Berkheimer’s shop and examined very carefully, it was found
that quite a lot of work would be needed to have the boiler meet
the Pennsylvania requirements and be perfectly safe at working
pressure.

The Pennsylvania Department of Labor and Industry was contacted
and arrangements were made to have an inspector go over the boiler
and recommend just what was needed before any more work or expense
would be added to what Mr. Berkheimer began to think was a bad
deal.

For safety, the inspector recommended having the boiler
completely rebuilt by a boiler factory, with new fire-box, tubes
and front tube sheet or head. The length of the smoke box or barrel
was extended to give it a more authentic Case traction look as well
as improve performance tested to 250.

In November of 1968 when the boiler came back from the factory,
yours truly visited the shop and saw a beautiful job of boiler
rebuilding. Bill told me the first cost was now almost doubled, but
he had a Case boiler which could not be duplicated by modern
methods of manufacture although the repairs cost about the price of
a new boiler.

By this time, Mr. Berkheimer had collected most of his
components by purchasing a Case Model L gas tractor and a fairly
good 22′-36′ Case Thresher. These two machines were
dismantled for the parts that were to be used in his Case Tractor
which would make it completely Case. The boiler was factory tested
hydrostatically to 250 pounds and guaranteed.

In early June of 1969, Boiler Inspector Nathian Leasure of York,
Pennsylvania performed final inspection on boiler and praised the
workmanship and stamped the boiler 125 pounds stating the boiler
was now probably stronger than when new in 1907.

This model Case Tractor had a roller chain final drive which was
the reason for his choice which would furnish the quiet drive of
his engine. Other parts from the tractor such as the differential,
sprockets, steering wheel and all road wheels with their tapered
roller bearings were used. The differential contains the only gears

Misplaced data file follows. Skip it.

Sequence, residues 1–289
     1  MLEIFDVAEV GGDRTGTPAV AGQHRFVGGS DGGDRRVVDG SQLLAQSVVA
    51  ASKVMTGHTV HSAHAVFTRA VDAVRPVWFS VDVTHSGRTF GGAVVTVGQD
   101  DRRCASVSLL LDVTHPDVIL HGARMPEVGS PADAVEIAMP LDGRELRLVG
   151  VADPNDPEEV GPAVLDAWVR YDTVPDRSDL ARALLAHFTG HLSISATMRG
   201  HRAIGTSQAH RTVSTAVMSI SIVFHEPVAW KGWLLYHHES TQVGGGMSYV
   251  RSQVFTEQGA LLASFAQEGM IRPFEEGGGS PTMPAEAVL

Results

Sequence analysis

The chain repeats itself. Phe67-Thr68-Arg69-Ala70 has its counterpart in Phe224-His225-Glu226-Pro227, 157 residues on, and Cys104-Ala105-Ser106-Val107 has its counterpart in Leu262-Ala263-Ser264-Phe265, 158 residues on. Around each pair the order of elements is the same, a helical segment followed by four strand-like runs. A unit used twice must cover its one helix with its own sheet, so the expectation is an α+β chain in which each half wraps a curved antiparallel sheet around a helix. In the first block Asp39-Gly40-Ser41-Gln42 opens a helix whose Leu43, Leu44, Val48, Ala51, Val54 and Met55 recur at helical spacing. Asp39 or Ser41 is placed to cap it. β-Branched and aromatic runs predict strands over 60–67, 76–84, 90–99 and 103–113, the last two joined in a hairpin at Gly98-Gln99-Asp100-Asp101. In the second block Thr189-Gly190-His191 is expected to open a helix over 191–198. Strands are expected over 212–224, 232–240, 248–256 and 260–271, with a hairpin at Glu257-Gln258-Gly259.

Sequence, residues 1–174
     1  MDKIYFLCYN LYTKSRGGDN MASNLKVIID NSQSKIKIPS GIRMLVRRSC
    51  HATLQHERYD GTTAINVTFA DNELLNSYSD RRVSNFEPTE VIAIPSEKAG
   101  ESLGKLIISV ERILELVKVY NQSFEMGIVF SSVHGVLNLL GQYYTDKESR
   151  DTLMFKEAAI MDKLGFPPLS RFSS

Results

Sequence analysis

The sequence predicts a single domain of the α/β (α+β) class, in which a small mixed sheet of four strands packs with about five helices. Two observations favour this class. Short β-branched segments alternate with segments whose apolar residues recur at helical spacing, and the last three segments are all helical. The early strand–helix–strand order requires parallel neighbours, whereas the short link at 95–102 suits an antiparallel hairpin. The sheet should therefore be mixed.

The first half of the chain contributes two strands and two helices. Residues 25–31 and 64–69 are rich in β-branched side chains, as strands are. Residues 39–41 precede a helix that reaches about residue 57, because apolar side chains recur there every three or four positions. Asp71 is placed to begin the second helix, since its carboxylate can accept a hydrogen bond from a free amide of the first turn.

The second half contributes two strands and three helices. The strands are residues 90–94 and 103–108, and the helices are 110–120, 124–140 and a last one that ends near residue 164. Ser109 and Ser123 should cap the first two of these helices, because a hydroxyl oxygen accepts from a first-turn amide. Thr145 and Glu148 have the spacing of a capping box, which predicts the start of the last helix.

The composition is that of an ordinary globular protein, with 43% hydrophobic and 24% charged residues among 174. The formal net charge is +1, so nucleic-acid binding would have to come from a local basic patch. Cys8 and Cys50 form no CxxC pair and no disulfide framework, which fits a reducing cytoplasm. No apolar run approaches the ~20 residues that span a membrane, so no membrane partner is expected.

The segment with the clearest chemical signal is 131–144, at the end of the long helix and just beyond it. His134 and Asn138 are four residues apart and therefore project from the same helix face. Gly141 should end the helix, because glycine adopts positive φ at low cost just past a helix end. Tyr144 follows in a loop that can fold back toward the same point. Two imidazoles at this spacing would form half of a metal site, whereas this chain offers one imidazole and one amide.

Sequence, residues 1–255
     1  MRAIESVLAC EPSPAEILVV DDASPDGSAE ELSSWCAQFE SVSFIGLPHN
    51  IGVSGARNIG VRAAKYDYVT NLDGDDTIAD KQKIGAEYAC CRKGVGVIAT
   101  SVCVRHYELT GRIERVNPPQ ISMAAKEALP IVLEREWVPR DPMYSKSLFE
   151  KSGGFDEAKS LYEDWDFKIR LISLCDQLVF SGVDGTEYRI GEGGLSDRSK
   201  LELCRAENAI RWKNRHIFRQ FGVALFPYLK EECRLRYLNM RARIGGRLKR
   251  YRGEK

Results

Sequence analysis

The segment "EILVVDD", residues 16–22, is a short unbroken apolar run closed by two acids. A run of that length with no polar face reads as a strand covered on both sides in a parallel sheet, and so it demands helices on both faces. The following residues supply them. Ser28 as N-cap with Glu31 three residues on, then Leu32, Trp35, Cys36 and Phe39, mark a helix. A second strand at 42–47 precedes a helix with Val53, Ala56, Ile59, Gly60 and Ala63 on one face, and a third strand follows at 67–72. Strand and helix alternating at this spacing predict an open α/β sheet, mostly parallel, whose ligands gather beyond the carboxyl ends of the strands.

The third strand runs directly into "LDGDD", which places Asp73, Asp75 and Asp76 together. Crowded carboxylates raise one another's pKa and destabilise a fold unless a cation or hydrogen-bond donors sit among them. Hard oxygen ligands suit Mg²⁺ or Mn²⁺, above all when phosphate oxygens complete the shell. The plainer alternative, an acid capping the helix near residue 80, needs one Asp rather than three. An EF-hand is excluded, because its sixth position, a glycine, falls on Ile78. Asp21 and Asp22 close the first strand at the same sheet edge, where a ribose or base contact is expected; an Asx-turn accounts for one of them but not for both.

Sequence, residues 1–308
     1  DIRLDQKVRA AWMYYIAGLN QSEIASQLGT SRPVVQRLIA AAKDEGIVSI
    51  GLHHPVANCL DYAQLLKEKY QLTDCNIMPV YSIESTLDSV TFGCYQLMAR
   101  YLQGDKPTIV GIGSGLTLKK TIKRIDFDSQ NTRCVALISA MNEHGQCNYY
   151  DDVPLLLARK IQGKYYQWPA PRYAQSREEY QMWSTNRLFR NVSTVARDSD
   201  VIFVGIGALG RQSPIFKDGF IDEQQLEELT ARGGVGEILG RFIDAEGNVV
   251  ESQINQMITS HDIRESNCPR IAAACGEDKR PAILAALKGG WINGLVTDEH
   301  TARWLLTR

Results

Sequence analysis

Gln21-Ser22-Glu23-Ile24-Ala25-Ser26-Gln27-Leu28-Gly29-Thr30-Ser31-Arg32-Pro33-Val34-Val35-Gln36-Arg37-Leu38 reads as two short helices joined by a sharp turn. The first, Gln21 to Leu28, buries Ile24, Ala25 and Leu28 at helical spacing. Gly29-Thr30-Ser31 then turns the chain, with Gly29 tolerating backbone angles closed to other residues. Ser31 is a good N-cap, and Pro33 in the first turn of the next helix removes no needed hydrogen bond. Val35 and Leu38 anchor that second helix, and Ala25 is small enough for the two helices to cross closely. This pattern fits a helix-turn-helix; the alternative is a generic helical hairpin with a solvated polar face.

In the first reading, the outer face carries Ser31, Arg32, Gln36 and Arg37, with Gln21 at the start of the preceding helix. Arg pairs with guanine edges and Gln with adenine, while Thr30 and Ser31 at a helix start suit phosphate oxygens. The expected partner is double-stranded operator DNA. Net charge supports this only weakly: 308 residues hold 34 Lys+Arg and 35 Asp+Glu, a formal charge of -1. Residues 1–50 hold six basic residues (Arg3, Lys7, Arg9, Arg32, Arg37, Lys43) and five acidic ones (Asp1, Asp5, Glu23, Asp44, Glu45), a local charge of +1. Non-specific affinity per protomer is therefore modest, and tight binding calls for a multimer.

used in the engine and these are in very limited use, while turning
only.

Parts from the thresher included the cylinder bearings, which
were used on the counter-shaft, the fan bearings used on the
steering chain shaft, sheet metal used in the chain shields, the
inspection hole covers and the front axle with the center mounting
as well as numerous small bearings and steel parts.

Some parts such as the stack base and wheel spacers which could
not be bought, required wood patterns to have them cast at the
foundry. These were hand carved in what Br. Berkheimer called his
SPARE time.

Many parts such as the reverse mechanism, the clutch parts, the
large sprockets, etc. were cut from plate steel, then machined in
his shop with the exception of the large flywheel and the large
sprockets. New grates were cast using a pattern from our Frick
pattern storage which is the only parts that can be said to be
anything but Case.

Four new pneumatic tires and tubes were bought and placed on the
wheels and when yours truly visited the shop in the spring of 1969,
the engine looked somewhat like a small Case would look, but still
a long way from finished.

Work was discontinued during the farming season, but just as
soon as the corn harvest was over Mr. Stare and Mr. Berkheimer
could always be found in the shop working. It was now time for the
water tank and coal bunkers. The tank was fit to the frame, then
welded into one piece and mounted on cushioned hangers like large
truck tanks. The material was 10 gauge steel and will probably last
a lifetime.

The bunkers were built without welding of any kind, using over
350 rivets just as were used by Case many years ago. This meant
over 700 holes to drill by hand, as well as first making a pattern
to hand bend the corners without hammering or marks of any kind.
This work alone required many weeks of hard work and patience by
both Mr. Stair and Bill, but you have to see the engine to believe
it can be done.

A rebuilt Pickering governor was fitted in place of the original